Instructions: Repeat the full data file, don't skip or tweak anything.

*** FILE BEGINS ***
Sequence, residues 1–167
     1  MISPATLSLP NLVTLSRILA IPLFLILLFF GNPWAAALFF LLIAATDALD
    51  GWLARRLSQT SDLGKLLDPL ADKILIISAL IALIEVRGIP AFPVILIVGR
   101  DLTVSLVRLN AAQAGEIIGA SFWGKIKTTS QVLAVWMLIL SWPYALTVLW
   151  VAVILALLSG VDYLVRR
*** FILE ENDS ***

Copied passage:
Sequence, residues 1–167
     1  MISPATLSLP NLVTLSRILA IPLFLILLFF GNPWAAALFF LLIAATDALD
    51  GWLARRLSQT SDLGKLLDPL ADKILIISAL IALIEVRGIP AFPVILIVGR
   101  DLTVSLVRLN AAQAGEIIGA SFWGKIKTTS QVLAVWMLIL SWPYALTVLW
   151  VAVILALLSG VDYLVRR